Apologetics is the use of arguments to defend the reasonableness of Christian faith or Christian teaching, often to those who don’t believe. But what if it’s more than that?

When I first got really interested in apologetics, I heard a lecture from a Christian apologist who had a string of successful debates behind him. I expected to hear about tools to employ, new arguments to use and the one-liner that would knock any questioner off their feet. I’m still looking for the last one, but there was plenty of the other two, as expected.

Our own real struggles with doubt and suffering, holding on to our hope in Christ, are themselves part of our witness.

What I didn’t expect to hear was reflection on this apologist’s time as a hospital chaplain, of comforting grieving relatives and reflecting on hope in that context.

Back then, I would have separated this presentation into two distinct aspects: apologetics is part of our witness, having the right answers and performing well in debate, and then pastoral care is what we do in the church. But ten years on, I see these more and more as two wings on a plane. Our own real struggles with doubt and suffering, holding on to our hope in Christ, are themselves part of our witness.

When we hear the word ‘apologetics’ we go immediately to 1 Peter 3:15: “in your hearts sanctify Christ as Lord. Always be ready to make your defence [apologia] to anyone who demands from you an account of the hope that is in you.” The apologia was the speech in court for the defence, and often these words make us think of the courtroom or debating chamber.

The Christian life was not a debating chamber. It was a battlefield.

But for the Christians Peter was addressing, the Christian life was not a debating chamber. It was a battlefield. The letter begins with assurance of the permanence of their hope in Christ (1:3-5), which is hard for them to hold on to in the midst of a “fiery trial” (1:6-8). They were praised for serving One they hadn’t seen (8-9), as they had to live a very different life from their pagan neighbours (14-16). They had to struggle to do good in the midst of lies and persecution (2:11-12). They faced constant moral dilemmas as the subjects of unbelieving emperors (2:13-15), the slaves of unbelieving masters (18-20) and the wives of unbelieving husbands (3:1-6). The classic text on apologetics is in fact a side-note in a wider discussion of how Christians speak in response to constant slander (3:14-15).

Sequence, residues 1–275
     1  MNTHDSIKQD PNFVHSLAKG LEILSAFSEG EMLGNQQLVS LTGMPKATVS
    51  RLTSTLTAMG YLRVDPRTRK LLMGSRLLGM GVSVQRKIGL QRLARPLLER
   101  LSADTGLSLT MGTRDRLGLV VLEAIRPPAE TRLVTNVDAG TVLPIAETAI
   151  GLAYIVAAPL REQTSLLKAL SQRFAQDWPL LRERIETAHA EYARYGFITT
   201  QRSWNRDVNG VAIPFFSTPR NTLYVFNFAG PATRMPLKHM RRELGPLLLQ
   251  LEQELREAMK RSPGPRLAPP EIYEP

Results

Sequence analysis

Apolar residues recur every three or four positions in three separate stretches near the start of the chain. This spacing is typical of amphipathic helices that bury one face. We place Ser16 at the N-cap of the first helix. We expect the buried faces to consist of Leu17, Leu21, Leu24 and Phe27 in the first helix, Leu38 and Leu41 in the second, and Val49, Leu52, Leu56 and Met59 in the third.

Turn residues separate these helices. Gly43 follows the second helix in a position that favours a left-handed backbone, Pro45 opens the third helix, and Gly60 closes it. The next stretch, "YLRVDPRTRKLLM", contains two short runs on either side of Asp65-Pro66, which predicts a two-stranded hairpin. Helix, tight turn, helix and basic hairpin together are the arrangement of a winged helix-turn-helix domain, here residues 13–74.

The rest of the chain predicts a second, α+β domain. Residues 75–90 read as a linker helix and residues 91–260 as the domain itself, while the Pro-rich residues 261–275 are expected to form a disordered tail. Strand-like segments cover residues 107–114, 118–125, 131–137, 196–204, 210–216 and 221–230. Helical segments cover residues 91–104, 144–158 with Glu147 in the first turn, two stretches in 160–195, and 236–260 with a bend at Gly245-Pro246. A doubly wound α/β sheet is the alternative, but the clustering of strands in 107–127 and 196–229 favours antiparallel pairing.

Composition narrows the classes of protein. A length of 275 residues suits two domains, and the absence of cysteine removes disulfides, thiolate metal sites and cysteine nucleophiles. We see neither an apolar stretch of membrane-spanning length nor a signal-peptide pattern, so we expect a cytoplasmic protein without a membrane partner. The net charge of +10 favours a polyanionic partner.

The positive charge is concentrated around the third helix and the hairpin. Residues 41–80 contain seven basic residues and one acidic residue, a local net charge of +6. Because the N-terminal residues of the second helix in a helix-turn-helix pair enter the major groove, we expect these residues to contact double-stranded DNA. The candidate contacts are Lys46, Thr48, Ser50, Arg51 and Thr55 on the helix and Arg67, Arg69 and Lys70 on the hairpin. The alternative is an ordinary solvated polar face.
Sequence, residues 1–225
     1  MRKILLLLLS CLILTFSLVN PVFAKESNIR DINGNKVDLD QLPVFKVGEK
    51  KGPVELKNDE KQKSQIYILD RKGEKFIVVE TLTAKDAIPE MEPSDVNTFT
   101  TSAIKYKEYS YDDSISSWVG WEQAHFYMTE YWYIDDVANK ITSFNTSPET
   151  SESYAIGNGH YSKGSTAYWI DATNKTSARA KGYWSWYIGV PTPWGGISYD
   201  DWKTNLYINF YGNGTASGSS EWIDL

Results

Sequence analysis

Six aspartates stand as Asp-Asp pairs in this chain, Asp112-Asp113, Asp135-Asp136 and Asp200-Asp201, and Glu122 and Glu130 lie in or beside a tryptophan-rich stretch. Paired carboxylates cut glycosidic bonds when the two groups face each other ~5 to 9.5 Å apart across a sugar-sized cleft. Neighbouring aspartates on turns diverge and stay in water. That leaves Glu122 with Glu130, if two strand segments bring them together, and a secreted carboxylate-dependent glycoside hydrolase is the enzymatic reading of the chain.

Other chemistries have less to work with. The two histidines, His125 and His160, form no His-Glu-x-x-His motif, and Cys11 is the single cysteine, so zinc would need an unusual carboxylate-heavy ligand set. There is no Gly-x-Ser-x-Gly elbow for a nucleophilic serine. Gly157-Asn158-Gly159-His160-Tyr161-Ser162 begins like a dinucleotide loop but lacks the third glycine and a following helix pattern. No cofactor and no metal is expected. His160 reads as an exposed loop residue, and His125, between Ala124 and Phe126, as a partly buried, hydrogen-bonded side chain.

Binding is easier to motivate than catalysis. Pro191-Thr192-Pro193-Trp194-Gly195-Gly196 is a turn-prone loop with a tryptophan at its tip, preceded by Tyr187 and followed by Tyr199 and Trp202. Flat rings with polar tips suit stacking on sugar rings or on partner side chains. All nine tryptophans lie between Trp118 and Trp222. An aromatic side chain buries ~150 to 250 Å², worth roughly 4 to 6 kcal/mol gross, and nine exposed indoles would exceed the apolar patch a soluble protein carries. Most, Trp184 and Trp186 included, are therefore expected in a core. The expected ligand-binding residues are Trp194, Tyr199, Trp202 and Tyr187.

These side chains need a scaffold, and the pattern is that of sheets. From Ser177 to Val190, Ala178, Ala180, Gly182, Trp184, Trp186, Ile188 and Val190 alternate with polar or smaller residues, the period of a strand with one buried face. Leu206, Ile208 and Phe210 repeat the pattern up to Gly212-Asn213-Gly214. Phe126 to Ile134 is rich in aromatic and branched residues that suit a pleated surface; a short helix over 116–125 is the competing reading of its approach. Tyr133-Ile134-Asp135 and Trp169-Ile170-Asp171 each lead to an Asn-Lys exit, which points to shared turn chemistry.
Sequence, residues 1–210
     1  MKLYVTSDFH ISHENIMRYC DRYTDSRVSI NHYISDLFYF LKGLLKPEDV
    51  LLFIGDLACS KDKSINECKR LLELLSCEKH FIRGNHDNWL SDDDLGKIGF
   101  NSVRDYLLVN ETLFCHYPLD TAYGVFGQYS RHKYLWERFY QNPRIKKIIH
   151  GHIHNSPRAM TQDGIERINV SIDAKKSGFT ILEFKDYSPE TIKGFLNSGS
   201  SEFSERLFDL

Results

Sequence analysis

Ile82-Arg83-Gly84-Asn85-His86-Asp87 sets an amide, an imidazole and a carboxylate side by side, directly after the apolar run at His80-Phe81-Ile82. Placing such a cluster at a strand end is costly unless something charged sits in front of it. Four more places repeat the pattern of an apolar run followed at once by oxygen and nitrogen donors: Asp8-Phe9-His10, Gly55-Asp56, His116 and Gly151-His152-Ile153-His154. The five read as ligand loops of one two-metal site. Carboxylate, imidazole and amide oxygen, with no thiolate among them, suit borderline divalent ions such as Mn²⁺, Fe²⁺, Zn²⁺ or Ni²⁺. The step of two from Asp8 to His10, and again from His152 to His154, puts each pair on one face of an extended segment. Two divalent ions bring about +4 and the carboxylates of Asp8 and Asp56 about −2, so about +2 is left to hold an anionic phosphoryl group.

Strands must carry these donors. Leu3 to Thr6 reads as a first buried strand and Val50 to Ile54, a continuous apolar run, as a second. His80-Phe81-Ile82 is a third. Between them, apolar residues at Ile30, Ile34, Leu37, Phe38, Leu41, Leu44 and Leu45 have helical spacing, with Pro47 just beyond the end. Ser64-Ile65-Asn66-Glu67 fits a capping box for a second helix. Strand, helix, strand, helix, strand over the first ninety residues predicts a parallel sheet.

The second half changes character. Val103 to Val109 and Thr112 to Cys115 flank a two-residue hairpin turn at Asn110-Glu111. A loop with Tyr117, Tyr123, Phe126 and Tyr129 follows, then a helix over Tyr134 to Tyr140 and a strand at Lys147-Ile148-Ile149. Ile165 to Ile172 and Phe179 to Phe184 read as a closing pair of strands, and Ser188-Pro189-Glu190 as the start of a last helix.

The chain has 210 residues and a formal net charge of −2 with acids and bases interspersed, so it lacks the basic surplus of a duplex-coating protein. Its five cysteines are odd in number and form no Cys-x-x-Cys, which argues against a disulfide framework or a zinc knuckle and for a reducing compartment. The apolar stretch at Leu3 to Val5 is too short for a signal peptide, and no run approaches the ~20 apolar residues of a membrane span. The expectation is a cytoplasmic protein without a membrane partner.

So Peter does not sugar-coat the Christian life. His readers know that is hard and it is sacrificial. And it is inconceivable that Peter’s audience would be living this out without questions of their own – questions which Peter’s letter sought to answer. Because how Christians lived in response to their struggles and doubts was a part of their witness, just as their reasoned defence was.
In fact it is living in this way that creates the opportunities for apologetics. The ‘apologia’ of 1 Peter 3:15 is not a conversation-starter. It’s a response to a question. And that question is not: “where do you Christians get your inner peace?” or “how did you get so rich?” It’s about the hope in which we live.

It’s the same for us today. The Christian life throws up struggles for all of us, and as a result, the first ‘defence’ we’re probably going to make, and the first apologetic encounter we’re going to have, is with ourselves. Despite this, many people outside the church think that the Christian life is one never-ending golden road of easy certainty – and it’s often this that makes them doubt that Jesus is really for them. In this context, the witness of a hope that wrestles with genuine doubt and unanswered questions can be very powerful.

Many people outside the church think that the Christian life is one never-ending golden road of easy certainty – and it’s often this that makes them doubt that Jesus is really for them.

What does this mean in practice for apologetics? Two points spring to mind:

  1. Don’t ignore your own doubts. The difference between our doubts and the doubts of another person is that it’s far more socially acceptable to ignore our own doubts than it is to ignore someone else’s when they ask. But how we deal with our own questions is a part of our witness. If we look like we’re ignoring our doubts, or taking comfort in superficial answers, those who aren’t Christians will assume that this is how Christians have to deal with doubt in general. In contrast, I’ve got further in such conversations by talking about how I struggle with my Christian faith than I’ve got by winning every argument and having an answer for every question.
  2. Update your testimony. One of my former pastors challenged us in a sermon to “update your testimony”, much as we speak of updating our CVs. Our testimony is not just our conversion to Christianity, but of the times God has helped us in our struggles since then – including when we’ve struggled with questions about our faith. So why not keep a written record of the times God has answered your doubts and questions as well as when he’s answered your prayers. Then you’ll have something to say to those who believe Christians never doubt.

Maybe if we’re open about our struggles, rather than expecting to give a knock-down argument at every turn, more people will ask us the reason for the hope that is within us.